Oort Cloud Colonisation
Despite the fact that so much has been written about the "Oort Cloud" by scientists and other commentators, that its existence is now often taken for granted, the truth is that no direct observation has ever been made of any object that would be one of its possibly trillions of components. Its conjectured existence is purely the result of hypothetical speculation, based on models of the Solar System's formation and evolution, and of the possible projected source of long period comets.
This discussion will assume that the Oort Cloud exists, with the inner Oort Cloud located between 2000 and 20,000 AU in a toroidal region centred on the ecliptic plane. The outer Oort Cloud, which is the main focus of this study, will be considered as approximately equally distributed in all directions, with its inner edge at about 20,000 AU and its outer edge at about 100,000 AU, although the regions beyond 50,000 AU may be relatively sparsely populated. We will also assume that it consists largely of icy comets and planitesimals. In the outer Oort Cloud, objects greater than 1 km in size may count in the trillions, actual planitesimals perhaps in the billions. The mean distance between significant objects is probably 10s of millions of kilometres.
The question then is whether colonization of such remote regions is possible, and if so what would be the benefits of such distant locations that would motivate the effort required to establish and maintain these colonies.
Given the distances between the Oort Cloud and the planets of the Solar System, travel to the Oort Cloud from a civilisation based around the planets will not be possible using chemical propulsion. The most likely candidates are fusion propulsion and beam propulsion. These are technologies that have been proposed for interstellar travel to the nearest stars at subluminal velocities. Colonising the Oort Cloud may well be an intermediate step towards achieving interstellar travel, both as a test of the technologies required and even as a means of breaking interstellar travel into shorter steps, which may be particularly useful in the initial phases of interstellar exploration.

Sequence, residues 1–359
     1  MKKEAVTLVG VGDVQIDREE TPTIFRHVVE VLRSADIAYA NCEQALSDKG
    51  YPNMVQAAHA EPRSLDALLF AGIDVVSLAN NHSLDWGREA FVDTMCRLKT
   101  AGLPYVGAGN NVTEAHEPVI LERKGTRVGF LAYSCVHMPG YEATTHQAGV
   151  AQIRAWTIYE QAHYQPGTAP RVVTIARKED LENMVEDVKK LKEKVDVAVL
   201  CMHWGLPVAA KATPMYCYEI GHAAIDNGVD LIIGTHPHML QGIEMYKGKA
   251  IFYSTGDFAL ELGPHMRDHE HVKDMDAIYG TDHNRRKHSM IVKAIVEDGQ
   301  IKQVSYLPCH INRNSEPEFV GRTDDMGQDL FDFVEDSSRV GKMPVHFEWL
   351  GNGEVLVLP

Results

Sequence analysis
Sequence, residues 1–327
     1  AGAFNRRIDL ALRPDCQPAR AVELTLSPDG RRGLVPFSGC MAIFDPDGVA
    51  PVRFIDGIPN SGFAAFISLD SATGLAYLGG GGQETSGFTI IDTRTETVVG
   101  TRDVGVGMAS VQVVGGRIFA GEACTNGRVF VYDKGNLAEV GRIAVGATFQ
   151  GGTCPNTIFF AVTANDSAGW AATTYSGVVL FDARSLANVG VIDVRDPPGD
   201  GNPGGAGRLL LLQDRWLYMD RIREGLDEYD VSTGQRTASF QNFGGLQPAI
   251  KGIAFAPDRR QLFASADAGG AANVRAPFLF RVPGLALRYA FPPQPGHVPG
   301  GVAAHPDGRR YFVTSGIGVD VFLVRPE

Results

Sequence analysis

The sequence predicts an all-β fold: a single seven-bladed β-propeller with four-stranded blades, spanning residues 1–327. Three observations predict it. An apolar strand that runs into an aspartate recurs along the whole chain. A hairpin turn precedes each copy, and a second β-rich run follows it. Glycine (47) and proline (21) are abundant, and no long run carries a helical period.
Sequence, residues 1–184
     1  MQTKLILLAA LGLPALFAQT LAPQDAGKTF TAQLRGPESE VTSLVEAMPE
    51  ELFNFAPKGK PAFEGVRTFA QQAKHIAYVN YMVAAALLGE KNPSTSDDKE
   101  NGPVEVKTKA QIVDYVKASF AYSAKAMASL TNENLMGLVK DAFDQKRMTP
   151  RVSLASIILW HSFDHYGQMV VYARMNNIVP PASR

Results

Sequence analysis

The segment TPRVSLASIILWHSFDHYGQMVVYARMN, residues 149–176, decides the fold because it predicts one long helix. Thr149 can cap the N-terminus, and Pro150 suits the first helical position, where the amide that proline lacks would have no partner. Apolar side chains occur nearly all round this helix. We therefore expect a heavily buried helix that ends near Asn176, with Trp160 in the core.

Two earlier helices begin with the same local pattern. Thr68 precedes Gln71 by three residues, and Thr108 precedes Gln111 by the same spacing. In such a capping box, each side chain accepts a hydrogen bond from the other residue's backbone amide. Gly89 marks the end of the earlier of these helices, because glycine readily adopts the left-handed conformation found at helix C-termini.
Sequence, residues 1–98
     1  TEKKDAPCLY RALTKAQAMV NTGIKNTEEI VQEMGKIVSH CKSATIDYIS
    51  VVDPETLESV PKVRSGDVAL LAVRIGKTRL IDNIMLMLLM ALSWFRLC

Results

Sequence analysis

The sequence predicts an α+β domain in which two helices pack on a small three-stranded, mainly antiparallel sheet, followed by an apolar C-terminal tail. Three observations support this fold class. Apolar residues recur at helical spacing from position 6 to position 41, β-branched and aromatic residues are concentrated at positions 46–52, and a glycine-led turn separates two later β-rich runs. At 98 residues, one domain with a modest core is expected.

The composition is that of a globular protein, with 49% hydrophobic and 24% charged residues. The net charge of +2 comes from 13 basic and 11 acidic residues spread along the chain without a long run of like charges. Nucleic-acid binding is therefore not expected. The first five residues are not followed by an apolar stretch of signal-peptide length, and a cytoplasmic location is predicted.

To build and maintain colonies in the Oort Cloud will require sources of materials and energy, much of which could be obtained from the icy comet like objects thought to make up the Oort Cloud. They are thought to contain a relatively high percentage of deuterium, which could be promising for fusion power. Ideally, small autonomous robot devices could be sent ahead of any human settlers to prepare fully functional facilities, but it is also possible that beam and fusion propulsion could be developed to the point that the resources for a colony could be shipped in from planetary bases at relatively low cost. In any case, since survival in space is really about cultivating as many options as possible in any given scenario, developing technologies that would allow colonies to be completely self sufficient for long periods of time would be extremely worthwhile.
Other than its intrinsic value as an exercise in very long distance space travel and habitation, there is another very great return that could be made from the investment in such colonies - namely priceless information. The establishment of very large scale hypertelescopes in the ultra-cold regions far from any star, will surely revolutionise our view and understanding of the cosmos. With interferometry networks established over a diameter of up to 4 light years, there is the potential to obtain high resolution images from the surface of exoplanets, among many other wondrous astronomical achievements. Also, many experiments in fundamental physics many benefit from the tranquil environment available. Even such mundane tasks as long term data warehousing and data mining could be achieved with large scale cryogenic data banks, less at risk from corruption due to solar flares, and other interference.
The Oort Cloud colonies may well be extremely exciting places to be in the future, at the forefront of exploration in many fields of science and engineering.